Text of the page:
Trinity Mirror was hit by more phone-hacking allegations over the weekend – including claims that up to four civil cases will be filed at the High Court in coming weeks.
Lawyer Mark Lewis, who is representing a number of claimants suing the News of the World, told The Sunday Times that there are ‘about three or four cases which will start within the next few weeks”, one of which is reported to be brought by former Liberal Democrat MP Paul Marsden.
Earlier this year Marsden said he believed his phone had been hacked in 2003 when stories appeared about him in the Sunday Mirror, which included details of his alleged affairs, and he said that he had spent 18 months researching his claim.
He told BBC Radio 5 Live: “Over those 18 months we have put together evidence which brings the only reasonable conclusion now that my phone was indeed hacked. That evidence comes from witnesses who can verify it. It also comes from the phone records.”
A spokesman for Trinity Mirror said: ‘We have had one letter from Paul Marsden’s lawyer. That was as long ago as last October. Despite numerous requests from our lawyers for him to substantiate his claims, Mr Marsden has failed to produce a single shred of evidence to back up his unfounded allegations.
‘Our position is clear: all our journalists work within the criminal law and the Press Complaints Commission code of conduct.”
The news comes after Trinity said it was conducting a review of its editorial controls and procedures in the wake of the phone-hacking scandal, which will look at both its regional newspaper division and its national newspapers.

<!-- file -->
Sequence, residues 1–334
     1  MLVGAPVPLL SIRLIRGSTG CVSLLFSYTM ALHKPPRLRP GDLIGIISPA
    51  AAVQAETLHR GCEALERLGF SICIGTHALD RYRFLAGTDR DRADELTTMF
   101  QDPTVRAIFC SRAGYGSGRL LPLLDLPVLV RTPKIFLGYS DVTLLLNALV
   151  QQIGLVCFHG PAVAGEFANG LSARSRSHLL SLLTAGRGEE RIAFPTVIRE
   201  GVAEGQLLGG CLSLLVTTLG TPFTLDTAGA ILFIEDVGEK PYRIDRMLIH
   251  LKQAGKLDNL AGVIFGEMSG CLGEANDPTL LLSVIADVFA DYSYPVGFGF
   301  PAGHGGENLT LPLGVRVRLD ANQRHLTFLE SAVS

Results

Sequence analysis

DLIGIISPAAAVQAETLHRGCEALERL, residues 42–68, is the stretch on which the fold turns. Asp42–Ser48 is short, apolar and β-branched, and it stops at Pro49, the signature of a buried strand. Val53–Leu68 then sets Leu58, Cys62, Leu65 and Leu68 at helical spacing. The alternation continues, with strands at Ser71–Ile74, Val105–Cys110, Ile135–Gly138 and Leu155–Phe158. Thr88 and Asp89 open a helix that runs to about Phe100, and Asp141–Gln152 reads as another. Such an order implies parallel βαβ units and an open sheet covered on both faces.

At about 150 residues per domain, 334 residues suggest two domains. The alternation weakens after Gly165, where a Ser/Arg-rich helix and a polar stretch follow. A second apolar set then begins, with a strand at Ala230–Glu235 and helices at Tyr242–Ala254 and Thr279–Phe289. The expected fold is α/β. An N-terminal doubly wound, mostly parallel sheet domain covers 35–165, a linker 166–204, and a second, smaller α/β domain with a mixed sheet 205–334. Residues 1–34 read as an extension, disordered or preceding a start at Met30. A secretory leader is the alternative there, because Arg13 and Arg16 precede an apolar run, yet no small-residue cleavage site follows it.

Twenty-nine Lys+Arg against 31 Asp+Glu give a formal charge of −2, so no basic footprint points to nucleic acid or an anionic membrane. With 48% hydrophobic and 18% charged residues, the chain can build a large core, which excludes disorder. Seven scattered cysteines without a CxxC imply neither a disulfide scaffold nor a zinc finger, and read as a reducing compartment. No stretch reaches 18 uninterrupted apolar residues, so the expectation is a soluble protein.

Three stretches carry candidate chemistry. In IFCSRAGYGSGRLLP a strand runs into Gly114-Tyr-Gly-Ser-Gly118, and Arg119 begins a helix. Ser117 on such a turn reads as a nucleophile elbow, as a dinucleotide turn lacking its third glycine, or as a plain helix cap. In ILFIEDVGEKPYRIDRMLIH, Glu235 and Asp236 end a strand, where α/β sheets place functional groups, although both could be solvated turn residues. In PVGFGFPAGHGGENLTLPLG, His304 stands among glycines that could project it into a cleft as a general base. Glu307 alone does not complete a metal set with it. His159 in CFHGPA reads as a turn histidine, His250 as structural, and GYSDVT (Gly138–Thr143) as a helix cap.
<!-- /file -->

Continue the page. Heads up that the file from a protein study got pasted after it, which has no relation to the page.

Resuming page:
Meanwhile, The Daily Telegraph has reported that Trinity is set to increase its cost savings target from £15m to around £25m this year – in a move likely to trigger more job losses at the company.
The Telegraph claimed that a large number of those likely to go would be journalists, although a source told the paper that ‘synergies such as outsourcing were also being explored and job cuts were not the only solution”.
Trinity Mirror was unable to comment on the claims.
The company has announced a spate of redundancies across the UK this year. Last month it said that up to 22 editorial jobs could go in Wales, and in June it announced that 90 jobs were under threat in Scotland.
Last summer Trinity Mirror cut around 200 journalists from its national newspapers division.